deeply held perception is that mistakes are to be avoided. Students have been trained for years

to see mistakes as “bad” and correct answers as “good”. This creates perfectionists who are

hesitant to utter any words out of fear of making mistakes. It is imperative for the teacher to

show that mistakes are a necessary important part of learning, and that no one can improve

without making mistakes. So, mistakes should be celebrated in class and the students’ efforts

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One of the fundamental tasks of the teacher is to help students improve their self-esteem. All

classroom and homework tasks should be achievable, and upon completing them, the student

should be sincerely commended. The basic formula of a) clear tasks with b) student commitment

and c) removal of any obstacles to completing the task should be repeated over and over to allow

the student to feel confident, secure and successful. Success breeds success. Teachers must

release their desire to control students. They must slowly allow students to make decisions and

take ownership and greater responsibility for their learning. In such an environment students

will begin to realize their full potential.

This approach to coaching can best be understood not as a technique, nor as some specific

information to pass onto students, but rather as a way of being, a way of interacting with

students. Students have always experienced being told or instructed what to do. This is especially

true in English class in Japanese high schools where the translation-grammar style is common.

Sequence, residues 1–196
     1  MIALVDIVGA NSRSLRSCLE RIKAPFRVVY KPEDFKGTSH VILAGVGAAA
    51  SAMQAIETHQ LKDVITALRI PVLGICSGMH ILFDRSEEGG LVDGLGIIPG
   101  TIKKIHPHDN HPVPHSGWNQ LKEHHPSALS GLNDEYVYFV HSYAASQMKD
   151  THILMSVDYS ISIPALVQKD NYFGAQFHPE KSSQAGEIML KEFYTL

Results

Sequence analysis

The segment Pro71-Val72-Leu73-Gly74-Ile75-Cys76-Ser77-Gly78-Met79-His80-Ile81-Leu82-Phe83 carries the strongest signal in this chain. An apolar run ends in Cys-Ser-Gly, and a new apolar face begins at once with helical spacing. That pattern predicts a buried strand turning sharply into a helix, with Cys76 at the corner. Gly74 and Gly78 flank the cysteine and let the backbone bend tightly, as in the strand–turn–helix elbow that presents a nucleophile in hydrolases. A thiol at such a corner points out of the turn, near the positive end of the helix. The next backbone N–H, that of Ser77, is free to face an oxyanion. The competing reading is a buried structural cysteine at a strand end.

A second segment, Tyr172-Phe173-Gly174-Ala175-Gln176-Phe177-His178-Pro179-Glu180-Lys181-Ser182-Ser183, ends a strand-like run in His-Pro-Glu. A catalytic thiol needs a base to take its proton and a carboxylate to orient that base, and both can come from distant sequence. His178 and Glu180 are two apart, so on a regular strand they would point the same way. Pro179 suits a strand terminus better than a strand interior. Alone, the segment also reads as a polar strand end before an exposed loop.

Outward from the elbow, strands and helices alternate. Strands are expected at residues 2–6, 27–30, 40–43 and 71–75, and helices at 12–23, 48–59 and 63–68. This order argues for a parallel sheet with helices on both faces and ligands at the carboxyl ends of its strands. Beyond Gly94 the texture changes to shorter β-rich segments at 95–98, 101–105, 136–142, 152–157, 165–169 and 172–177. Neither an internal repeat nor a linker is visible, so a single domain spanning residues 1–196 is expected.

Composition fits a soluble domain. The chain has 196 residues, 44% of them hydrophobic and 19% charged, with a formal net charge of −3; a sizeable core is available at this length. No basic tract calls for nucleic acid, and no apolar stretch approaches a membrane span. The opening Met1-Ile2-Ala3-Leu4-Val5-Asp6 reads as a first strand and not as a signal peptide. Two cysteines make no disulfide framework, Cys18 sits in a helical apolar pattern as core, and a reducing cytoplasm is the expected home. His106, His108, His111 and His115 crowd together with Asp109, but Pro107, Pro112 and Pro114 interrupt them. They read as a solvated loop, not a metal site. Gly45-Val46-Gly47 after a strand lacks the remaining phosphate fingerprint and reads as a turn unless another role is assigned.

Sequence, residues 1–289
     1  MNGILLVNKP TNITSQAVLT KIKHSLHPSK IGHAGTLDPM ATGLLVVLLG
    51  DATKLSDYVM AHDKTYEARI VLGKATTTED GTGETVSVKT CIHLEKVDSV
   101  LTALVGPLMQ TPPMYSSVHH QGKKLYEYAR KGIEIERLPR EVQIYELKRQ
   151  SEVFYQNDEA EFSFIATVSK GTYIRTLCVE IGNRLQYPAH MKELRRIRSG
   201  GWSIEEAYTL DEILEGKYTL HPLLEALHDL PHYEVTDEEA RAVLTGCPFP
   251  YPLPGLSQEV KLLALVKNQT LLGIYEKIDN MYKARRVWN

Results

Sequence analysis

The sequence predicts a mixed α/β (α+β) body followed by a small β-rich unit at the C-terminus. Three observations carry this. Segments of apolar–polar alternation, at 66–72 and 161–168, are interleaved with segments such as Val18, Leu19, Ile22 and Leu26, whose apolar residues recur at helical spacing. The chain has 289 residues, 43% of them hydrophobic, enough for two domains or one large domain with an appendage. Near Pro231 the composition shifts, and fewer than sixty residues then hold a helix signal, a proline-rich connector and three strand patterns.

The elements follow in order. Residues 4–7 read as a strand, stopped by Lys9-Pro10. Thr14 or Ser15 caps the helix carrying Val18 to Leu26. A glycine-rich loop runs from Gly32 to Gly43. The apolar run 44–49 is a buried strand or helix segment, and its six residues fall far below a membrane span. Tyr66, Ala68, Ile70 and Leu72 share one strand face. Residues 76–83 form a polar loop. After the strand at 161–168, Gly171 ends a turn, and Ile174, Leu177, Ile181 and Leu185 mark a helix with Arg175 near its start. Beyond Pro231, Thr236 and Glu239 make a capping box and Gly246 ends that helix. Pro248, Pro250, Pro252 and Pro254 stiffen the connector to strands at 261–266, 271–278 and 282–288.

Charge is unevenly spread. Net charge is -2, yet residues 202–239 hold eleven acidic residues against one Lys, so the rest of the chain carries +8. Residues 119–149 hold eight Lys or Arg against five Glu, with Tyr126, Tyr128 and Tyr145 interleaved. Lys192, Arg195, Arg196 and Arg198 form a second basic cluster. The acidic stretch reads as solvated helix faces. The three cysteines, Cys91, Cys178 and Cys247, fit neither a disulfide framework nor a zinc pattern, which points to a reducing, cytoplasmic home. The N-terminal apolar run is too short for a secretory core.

Students often listen to the teacher explain and translate texts. There is no real responsibility on

the part of the students. They are only responsible for memorizing some words for the test.

Clearly, when one does something by oneself, rather than just being shown, the retention is

higher. This can begin in the class with greater levels of responsibility and awareness.

One of the two central tenets of the coach as teacher is awareness. How can heightened

awareness improve a student’s performance? According to Krashen’s input hypothesis, input is a

central part of the L2 acquisition process. We acquire more language only when exposed to

comprehensible input (1982). A higher level of awareness coexists with a greater degree of

discernment. When the student is more “present” in the classroom they are more activated and

receptive to input. How can the teacher coach the student to a higher level of awareness?

Awareness is knowing what is happening around you. Self-awareness is knowing what is

happening to you. By bringing students’ attention to bear on what they are doing, we increase

their awareness. One example can be seen in our survey question which asked students to tell us

about their nervousness while speaking. Were they most nervous before, during or after

speaking? They were to evaluate their level for each time phase. Most students’ nervousness

decreased as they progressed through the stages of speaking. (See Figure 1) The key point is to

make students’ aware of how they feel. As John Whitmore explains, “Body awareness brings with

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In a dramatic example from “Coaching for Performance”, we can see how a coach helps one

runner to focus on how his body is feeling.

Joe: My calves feel stiff.

Mike: Just place your attention on your calves and tell me exactly what you feel in them? Joe: A tightness down the back.

Mike: When do you feel it? All the time in both calves or what?

Joe: No, just when I push off, and it is more on my right than on my left.

Mike: Give your right calf a tightness rating on a scale of one to ten, with ten being as tight as you can imagine.

Joe: Actually it is less now, but it’s about five and the left leg is three. Mike: What is it now?

Joe: It’s down to a three (Whitmore, 2004, p.78).

If a student brings attention to a problem, it improves function and increases efficiency. Using

writing journals and asking descriptive questions can help the students to focus on their

communication. Some examples of questions might be: How did you feel when…? What was the

most difficult part of the assignment for you?

Responsibility is the second tenet around which this new coaching style is centered. Very simply